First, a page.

Largest Security Lawsuit Ever
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  1. #1
    Master-Jedi-Pimps0r & Moderator thehorse13's Avatar
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    Largest Security Lawsuit Ever

    [snip]

    A federal judge temporarily has barred the government from publicizing its free credit monitoring offer to veterans whose personal data was stolen and wants to see if they might get a better federal offer.

    Lawyers who have filed a class-action lawsuit on behalf of the 26.5 million veterans and active-duty troops affected contend that accepting the government's offer could jeopardize their chance of winning more money in the privacy suit.

    U.S. District Judge William Bertelsman in Kentucky scheduled a hearing this Friday to determine whether the Veterans Affairs Department should revise its offer. His order on the credit monitoring was issued late last Friday.

    The suit seeks free monitoring and other credit protection for an indefinite period as well as $1,000 in damages for each person -- or $26.5 billion total -- in what has become one of the nation's largest information security breaches.

    [snip]

    More here: http://www.boston.com/news/nation/wa...offer_to_vets/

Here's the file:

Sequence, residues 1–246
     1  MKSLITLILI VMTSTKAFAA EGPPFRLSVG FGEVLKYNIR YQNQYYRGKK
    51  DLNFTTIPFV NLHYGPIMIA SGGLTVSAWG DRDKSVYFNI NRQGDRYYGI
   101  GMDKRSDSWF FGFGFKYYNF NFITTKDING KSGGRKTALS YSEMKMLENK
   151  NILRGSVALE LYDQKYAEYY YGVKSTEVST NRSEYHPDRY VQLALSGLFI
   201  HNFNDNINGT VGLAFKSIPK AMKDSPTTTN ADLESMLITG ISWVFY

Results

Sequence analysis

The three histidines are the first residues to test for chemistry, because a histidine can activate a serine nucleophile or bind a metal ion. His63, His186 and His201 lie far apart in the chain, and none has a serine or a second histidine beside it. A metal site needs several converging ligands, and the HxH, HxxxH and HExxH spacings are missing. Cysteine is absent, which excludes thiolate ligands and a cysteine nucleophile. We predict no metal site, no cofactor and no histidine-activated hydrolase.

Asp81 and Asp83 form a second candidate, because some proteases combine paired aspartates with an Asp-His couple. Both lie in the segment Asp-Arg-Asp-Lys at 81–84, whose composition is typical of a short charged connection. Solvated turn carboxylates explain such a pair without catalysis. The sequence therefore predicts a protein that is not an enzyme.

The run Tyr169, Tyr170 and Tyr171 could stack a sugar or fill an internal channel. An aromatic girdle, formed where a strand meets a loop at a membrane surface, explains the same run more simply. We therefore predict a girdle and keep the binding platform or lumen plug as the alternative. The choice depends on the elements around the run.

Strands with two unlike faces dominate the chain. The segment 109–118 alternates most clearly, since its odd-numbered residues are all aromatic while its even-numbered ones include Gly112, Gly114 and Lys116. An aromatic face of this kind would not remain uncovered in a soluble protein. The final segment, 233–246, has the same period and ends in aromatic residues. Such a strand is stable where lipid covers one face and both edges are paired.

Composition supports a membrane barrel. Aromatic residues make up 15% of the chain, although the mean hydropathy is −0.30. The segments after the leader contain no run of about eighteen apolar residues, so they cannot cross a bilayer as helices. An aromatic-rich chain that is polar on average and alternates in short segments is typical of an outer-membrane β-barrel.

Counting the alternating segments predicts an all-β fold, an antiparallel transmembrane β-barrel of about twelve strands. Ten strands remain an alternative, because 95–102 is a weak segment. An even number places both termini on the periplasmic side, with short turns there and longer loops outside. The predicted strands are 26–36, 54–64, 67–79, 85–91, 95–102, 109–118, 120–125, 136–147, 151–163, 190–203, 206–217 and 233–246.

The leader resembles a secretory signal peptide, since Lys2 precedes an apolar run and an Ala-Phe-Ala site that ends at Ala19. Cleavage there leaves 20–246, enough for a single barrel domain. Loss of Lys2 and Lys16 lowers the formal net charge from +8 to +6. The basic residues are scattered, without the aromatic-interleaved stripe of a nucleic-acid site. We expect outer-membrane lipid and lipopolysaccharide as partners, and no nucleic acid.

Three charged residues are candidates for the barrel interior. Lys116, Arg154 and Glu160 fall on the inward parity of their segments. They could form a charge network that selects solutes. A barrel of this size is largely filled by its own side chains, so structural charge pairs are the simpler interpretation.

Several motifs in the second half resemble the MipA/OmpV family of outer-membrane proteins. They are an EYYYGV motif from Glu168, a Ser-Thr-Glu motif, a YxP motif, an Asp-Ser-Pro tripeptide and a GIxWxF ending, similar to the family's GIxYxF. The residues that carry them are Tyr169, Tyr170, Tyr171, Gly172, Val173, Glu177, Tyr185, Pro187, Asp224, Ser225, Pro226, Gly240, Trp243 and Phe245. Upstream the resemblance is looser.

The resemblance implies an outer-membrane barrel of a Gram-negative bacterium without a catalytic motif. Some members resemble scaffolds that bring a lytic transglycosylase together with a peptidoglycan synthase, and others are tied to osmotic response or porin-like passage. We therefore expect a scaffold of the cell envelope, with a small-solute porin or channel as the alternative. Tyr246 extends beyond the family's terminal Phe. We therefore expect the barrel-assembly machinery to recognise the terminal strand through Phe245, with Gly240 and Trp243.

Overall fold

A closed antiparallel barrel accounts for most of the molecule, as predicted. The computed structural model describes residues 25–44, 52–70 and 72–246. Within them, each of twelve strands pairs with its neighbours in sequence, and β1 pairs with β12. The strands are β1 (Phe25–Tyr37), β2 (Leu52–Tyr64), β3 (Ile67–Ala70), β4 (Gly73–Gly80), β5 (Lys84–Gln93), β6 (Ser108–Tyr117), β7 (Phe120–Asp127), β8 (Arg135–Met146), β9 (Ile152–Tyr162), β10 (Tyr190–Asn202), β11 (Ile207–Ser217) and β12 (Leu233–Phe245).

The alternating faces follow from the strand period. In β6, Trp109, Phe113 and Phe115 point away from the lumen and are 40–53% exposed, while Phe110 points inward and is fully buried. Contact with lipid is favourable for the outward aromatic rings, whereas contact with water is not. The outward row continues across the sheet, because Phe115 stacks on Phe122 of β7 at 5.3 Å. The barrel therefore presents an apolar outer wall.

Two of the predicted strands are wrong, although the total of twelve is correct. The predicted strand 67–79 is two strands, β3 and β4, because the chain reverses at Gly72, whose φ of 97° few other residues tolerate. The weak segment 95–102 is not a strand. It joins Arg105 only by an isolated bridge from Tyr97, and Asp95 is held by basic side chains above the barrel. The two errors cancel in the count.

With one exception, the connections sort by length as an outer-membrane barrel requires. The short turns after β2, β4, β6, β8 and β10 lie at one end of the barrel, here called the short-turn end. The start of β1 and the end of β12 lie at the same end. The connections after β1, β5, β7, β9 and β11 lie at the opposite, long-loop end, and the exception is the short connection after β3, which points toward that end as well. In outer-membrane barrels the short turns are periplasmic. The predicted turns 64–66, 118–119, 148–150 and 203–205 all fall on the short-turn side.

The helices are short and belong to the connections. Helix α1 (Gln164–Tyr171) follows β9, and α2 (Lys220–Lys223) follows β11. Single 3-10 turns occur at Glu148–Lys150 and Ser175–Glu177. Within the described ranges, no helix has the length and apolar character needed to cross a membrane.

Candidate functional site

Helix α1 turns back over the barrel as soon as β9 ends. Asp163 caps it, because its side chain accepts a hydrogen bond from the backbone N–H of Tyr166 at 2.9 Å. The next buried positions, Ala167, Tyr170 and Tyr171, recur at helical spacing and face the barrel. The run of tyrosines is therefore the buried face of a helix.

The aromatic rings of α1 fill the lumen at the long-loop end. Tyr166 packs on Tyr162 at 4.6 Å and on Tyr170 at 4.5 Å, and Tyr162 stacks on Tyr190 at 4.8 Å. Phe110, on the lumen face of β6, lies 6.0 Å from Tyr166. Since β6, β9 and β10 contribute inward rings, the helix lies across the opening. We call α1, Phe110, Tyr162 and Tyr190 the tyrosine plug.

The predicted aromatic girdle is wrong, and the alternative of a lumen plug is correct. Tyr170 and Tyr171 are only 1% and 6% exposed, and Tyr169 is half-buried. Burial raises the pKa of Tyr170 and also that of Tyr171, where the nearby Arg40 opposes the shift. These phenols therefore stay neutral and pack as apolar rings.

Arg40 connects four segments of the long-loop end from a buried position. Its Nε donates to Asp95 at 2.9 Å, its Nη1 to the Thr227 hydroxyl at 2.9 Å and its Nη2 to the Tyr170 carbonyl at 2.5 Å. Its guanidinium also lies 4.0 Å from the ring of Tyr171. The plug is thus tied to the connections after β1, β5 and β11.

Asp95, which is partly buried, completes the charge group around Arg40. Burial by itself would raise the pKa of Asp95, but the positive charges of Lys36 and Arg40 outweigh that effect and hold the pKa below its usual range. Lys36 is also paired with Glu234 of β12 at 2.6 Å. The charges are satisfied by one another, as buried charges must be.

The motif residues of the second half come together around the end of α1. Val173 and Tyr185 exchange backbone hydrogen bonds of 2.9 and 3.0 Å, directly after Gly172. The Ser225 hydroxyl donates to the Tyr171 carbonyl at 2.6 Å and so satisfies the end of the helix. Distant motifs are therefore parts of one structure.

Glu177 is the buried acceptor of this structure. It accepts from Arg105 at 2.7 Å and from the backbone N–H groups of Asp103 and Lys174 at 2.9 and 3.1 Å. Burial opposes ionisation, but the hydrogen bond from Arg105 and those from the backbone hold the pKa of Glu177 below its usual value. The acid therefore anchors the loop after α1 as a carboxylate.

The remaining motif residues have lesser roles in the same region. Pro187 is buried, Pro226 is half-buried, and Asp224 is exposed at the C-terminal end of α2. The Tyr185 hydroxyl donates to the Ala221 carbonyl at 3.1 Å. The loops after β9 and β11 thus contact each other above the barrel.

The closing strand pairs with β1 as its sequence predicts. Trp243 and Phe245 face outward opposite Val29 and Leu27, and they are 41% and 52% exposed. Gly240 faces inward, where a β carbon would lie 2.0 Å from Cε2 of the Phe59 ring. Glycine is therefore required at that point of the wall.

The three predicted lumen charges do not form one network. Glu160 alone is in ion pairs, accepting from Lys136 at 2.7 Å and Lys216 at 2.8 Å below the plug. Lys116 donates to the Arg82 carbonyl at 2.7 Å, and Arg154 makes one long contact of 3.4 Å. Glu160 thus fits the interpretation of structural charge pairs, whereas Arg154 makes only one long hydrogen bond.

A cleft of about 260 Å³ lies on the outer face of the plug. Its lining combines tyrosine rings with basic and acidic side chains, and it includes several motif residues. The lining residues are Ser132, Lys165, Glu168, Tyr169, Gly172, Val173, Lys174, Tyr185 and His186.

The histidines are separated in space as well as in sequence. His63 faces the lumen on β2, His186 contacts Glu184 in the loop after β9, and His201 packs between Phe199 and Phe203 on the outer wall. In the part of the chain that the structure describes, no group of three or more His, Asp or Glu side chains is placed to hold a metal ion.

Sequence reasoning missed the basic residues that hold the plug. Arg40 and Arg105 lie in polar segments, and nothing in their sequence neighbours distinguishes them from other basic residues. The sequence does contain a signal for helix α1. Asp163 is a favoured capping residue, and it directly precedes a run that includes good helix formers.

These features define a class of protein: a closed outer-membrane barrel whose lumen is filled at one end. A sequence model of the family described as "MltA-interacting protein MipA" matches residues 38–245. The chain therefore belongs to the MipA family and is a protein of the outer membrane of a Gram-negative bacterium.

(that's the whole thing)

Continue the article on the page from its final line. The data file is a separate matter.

--TH13
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  2. #2
    The ******* Shadow dalek's Avatar
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    Last week, a Senate committee approved $160 million to pay for the credit monitoring for veterans. It is one of many expected payments as the government struggles with fallout from data breaches crossing at least six agencies.
    Now with the latest about the Sailors Data problem, this is going to soon bankrupt this administration unless they get a grip on sensitive/confidential data soon, what a freaking sieve..of course they could also just make up a new law...(no payouts, or can't sue the Government)...

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  3. #3
    Master-Jedi-Pimps0r & Moderator thehorse13's Avatar
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    and as a follow up....

    TOP OF THE NEWS

    --US House Committee Chairman Vows To Change FISMA

    House Veterans Affairs (VA) Committee Chair Steve Buyer said he would "change FISMA" to correct an error in the law that denied CIOs and CISOs the power to enforce security in their agencies. The Chairman had just heard testimony from VA officials saying that FISMA does not give the technology chief authority to enforce (security) policies. http://www.govexec.com/dailyfed/0606/062206p1.htm